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Despite making Star Wars characters out of old cereal boxes as a youngster Chris Taylor didn’t turn his fascination with interstellar travel into a career. Instead he did the next best thing and became a potter.

After completing a degree in ceramics at the University of the West of England in Bristol, he moved from his home in South East London to Devon to embark upon an apprenticeship at Dartington Pottery. When the pottery closed down he then worked for other people for a while making things to their designs before deciding to set up his own business where he developed his own range of tableware. However something was missing. Although he was immersed in the world of pottery he says that ‘ultimately I got bored with making the same thing again and again’. Like his Star Wars world there were other horizons and as he recalled ‘there were other things that I had a burning desire to make.’

He also believed that there was more to the world of ceramics than the archetype image of a potter. ‘That notion of a stereotype of the guy with the big beard living in the countryside smoking a pipe and making pots has changed to a kind of urban young designer’ recalled Chris. However, reading a book by craft writer Glen Adamson he realised that he had become that stereotype; ‘partly deliberately and partly unconsciously’ he said. He had fallen into it, although he saw that it could be a logical trend that goes with any profession. ‘I guess if you’re a hip-hop artist you’re expected to wear a baseball cap and big trainers and a big gold chain; if you’re a potter you’re supposed to wear a fisherman’s top, have a beard and live in the country.’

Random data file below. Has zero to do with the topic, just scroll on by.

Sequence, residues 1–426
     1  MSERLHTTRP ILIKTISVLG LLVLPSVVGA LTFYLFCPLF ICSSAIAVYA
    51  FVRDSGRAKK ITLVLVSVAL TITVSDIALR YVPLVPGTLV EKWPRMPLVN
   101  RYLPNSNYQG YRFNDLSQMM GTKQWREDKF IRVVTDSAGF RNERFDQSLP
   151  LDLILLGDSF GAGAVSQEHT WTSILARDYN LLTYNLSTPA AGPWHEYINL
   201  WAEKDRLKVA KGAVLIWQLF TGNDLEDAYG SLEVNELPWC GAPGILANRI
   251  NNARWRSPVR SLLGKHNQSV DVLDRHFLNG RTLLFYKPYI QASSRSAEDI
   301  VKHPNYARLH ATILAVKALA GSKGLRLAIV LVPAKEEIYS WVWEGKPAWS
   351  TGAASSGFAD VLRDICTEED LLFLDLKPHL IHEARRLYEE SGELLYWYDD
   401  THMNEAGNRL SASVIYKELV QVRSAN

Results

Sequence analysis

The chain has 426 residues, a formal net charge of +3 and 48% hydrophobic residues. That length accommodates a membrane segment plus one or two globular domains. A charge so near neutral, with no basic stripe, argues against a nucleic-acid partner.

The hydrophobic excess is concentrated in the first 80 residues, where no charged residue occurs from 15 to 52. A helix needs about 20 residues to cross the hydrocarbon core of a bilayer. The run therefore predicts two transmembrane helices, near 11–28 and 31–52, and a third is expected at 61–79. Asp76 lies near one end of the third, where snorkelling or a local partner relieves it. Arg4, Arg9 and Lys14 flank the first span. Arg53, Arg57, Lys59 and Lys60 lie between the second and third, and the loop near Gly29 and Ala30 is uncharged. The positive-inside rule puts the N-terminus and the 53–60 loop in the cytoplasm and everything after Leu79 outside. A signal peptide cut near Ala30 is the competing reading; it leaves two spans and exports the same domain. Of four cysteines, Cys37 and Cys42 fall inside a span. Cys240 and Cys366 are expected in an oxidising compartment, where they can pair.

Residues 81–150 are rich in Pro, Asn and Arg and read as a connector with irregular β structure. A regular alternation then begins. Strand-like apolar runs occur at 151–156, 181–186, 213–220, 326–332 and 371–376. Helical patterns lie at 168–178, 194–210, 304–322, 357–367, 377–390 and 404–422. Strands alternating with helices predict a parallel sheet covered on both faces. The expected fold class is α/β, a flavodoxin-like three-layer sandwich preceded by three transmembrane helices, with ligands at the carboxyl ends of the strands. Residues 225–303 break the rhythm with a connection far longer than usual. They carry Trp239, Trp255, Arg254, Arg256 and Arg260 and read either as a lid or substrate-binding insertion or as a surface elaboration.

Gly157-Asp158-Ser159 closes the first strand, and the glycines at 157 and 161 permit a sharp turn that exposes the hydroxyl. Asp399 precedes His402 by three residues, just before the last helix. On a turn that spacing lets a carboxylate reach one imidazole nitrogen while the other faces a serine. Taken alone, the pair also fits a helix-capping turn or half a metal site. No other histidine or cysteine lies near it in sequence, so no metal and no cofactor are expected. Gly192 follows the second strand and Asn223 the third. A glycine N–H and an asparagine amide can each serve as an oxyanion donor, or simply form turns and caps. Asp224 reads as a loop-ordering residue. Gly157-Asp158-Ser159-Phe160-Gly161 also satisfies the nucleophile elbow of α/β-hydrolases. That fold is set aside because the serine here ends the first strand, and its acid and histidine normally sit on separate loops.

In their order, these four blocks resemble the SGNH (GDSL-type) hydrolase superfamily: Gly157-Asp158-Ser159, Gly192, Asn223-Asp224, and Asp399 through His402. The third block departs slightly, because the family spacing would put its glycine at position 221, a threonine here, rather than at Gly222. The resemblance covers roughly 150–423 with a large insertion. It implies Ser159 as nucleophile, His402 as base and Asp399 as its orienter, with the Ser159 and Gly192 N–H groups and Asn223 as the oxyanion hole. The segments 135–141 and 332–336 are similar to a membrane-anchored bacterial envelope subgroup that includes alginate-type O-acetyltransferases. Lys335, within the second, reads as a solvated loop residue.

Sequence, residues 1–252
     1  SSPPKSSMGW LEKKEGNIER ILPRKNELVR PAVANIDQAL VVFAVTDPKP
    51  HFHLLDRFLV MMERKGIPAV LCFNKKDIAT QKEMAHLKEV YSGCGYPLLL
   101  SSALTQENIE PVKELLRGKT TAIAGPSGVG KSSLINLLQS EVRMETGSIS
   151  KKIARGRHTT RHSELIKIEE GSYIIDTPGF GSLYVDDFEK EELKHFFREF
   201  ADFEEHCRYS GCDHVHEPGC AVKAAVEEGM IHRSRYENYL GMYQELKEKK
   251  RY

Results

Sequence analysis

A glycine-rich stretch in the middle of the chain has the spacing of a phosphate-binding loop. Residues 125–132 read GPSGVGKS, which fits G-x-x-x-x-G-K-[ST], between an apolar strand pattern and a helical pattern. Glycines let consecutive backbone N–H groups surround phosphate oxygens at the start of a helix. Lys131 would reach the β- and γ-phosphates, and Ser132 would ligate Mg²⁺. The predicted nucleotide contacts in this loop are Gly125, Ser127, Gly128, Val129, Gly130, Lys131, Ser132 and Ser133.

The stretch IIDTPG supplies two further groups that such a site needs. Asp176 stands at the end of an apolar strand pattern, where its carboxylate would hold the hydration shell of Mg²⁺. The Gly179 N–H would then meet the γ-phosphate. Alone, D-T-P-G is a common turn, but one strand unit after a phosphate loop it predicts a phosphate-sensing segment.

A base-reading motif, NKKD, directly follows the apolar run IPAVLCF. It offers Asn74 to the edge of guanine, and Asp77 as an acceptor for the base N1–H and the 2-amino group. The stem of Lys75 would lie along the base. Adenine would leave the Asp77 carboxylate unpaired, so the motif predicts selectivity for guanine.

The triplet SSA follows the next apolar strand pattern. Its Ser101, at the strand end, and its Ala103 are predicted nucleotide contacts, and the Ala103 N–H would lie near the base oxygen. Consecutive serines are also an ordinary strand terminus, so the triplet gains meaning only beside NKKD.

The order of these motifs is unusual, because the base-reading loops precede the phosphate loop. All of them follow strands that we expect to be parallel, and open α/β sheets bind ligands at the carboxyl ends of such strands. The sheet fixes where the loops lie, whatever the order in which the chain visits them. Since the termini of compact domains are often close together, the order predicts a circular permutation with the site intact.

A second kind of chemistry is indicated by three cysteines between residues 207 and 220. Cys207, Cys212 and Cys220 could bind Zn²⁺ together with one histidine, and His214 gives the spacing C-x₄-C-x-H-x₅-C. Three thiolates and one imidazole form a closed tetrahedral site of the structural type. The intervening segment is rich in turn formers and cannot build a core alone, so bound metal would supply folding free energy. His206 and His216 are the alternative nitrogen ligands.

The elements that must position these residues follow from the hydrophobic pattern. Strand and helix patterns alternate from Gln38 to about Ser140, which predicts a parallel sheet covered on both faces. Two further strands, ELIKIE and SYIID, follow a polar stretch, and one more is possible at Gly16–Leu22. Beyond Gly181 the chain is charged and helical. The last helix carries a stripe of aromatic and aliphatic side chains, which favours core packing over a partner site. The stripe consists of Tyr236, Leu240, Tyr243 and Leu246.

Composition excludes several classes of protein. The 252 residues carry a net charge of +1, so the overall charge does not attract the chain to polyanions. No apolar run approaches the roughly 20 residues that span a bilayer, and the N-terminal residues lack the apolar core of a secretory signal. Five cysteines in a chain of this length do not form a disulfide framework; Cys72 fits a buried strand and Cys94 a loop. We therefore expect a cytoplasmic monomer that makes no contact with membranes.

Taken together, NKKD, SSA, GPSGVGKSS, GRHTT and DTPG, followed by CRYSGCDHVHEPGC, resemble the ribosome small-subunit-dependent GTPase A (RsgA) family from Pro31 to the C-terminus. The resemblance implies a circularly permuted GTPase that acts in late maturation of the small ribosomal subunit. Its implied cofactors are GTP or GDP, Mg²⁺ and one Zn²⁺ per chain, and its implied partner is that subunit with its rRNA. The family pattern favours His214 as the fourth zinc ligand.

Chris decided to return to London and undertake a Masters at the Royal College of Art and whilst doing that he won a scholarship that stipulated that he must use the money to travel. For Chris the obvious choice of travel location was Jingdezhen in North-eastern China. It is known as the ‘Porcelain Capital’ and although he believed that it was the enormous output from that city that had put so many British and Western potteries out of business, he knew that there was much he could learn there. Finding a whole street of glaze shops he fell in love with some of the techniques used to create very individual finishes. ‘If you want pattern under the glaze you can buy these print sheets on tissue that go straight onto the green ware’ he explained. ‘I bought a load of these and totally fell in love with them, they bleed into the glaze.’ Unable to avoid the clutter of advertising on the walls and as Chinese is quite a pictorial language he was influenced by the façade.  ‘I couldn’t read it and it all became like patterns and textures’ he said. Although it was just a mess of posters but he found it quite beautiful.

Today Chris is a lecturer in Ceramics on the Contemporary Crafts Degree Programme at Plymouth College of Art. Despite the traditionally solitary image associated with his craft he enjoys the interaction with his students. ‘You’re in an environment full of people that are interested in the same things as you’ he says. Teaching and talking to people about making is what he enjoys. He believes that Britain has a lot to offer the world in terms of quality and depth explaining: ‘In Britain we’ve got a great reputation for the thinking behind making’.

Chris Taylor will be selecting three people from the entries to the Ceramics and Glass category of this year’s Marshwood Arts Awards.